The doctors’ union has voted in favour of industrial action – but its new chief has instead called for a “fresh start” with the Government after the vote got a low turnout.
The British Medical Association polled its members as part of protests against a government drive to boost the number of patients being seen face-to-face.
Doctors were asked if they would refuse to comply with specific duties in their contracts as tensions with ministers escalated.
Dr Farah Jameel, who was last week elected as chairman of BMA’s England GP committee, said on Thursday that more than 80 per cent of members had backed such actions.
But in her first speech since taking on the role, she instead called for a “fresh start” and a “reset” in the relationship with the Government.
In her first speech in the new role, Dr Jameel said it was time “to step back from the rhetoric of division, to reflect on the dedication that general practice has shown in the most difficult of circumstances and to demonstrate a willingness to work together to create solutions to this crisis”.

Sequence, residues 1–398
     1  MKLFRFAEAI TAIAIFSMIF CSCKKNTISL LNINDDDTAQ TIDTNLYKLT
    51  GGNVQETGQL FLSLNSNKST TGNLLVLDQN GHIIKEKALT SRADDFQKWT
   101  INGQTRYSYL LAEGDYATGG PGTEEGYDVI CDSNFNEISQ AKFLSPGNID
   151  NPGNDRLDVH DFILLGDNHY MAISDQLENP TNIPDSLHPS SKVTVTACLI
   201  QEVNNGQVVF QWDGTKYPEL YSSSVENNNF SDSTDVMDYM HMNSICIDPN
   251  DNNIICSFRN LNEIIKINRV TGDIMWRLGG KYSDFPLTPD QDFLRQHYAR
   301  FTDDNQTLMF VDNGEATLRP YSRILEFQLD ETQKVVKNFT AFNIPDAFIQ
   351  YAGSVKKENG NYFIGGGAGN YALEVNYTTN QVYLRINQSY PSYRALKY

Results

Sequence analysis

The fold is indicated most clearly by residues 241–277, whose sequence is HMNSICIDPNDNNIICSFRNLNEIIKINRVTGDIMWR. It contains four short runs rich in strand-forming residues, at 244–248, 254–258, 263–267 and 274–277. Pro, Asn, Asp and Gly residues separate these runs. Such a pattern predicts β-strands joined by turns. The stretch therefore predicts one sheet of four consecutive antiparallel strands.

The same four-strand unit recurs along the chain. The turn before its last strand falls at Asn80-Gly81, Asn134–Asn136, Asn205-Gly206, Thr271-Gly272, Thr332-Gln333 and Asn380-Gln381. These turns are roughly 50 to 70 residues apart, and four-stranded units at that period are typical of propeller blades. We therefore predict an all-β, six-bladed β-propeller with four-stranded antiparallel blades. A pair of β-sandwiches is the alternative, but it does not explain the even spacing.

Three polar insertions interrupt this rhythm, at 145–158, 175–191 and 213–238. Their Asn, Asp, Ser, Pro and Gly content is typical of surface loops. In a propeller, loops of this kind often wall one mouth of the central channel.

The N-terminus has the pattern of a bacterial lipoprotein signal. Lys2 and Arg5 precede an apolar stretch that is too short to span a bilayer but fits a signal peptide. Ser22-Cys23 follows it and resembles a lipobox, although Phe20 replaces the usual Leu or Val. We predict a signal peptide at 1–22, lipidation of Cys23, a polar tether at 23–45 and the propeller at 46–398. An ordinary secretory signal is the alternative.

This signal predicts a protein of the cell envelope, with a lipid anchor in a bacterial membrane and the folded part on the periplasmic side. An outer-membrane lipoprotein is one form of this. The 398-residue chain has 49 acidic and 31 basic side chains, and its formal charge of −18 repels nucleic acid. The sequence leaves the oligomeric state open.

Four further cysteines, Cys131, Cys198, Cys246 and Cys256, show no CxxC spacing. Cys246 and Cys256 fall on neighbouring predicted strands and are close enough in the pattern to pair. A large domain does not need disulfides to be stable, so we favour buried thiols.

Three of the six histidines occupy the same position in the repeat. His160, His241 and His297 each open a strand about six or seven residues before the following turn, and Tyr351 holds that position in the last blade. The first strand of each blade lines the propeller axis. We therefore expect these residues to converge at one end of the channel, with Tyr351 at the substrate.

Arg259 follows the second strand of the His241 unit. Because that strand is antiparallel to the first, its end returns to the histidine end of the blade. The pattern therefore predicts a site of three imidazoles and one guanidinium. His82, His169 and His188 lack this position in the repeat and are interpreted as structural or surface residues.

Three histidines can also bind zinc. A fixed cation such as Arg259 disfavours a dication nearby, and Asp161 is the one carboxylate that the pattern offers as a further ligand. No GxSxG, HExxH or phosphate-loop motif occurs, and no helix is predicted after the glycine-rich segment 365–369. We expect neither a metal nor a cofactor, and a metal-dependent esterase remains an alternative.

It came after just one in three doctors took part in the BMA’s consultative ballot, the precursor to an official vote on industrial action.
Last week there were signs that tensions between the two sides were cooling, with the Government delaying plans to force high-earning GPs to publish their pay levels.
And new data published on Thursday shows a significant rise in the proportion of patients being seen face-to-face, with 64.4 percent of GP appointments taking place in person, in October, up from 60.7 per cent the month before.
Doctors had been asked if they backed a number of forms of industrial action. The poll found 84 per cent willing to not comply with requests for Covid-19 vaccination exemption certificates, while 80 per cent backed action to prevent officials monitoring levels of face-to-face appointments.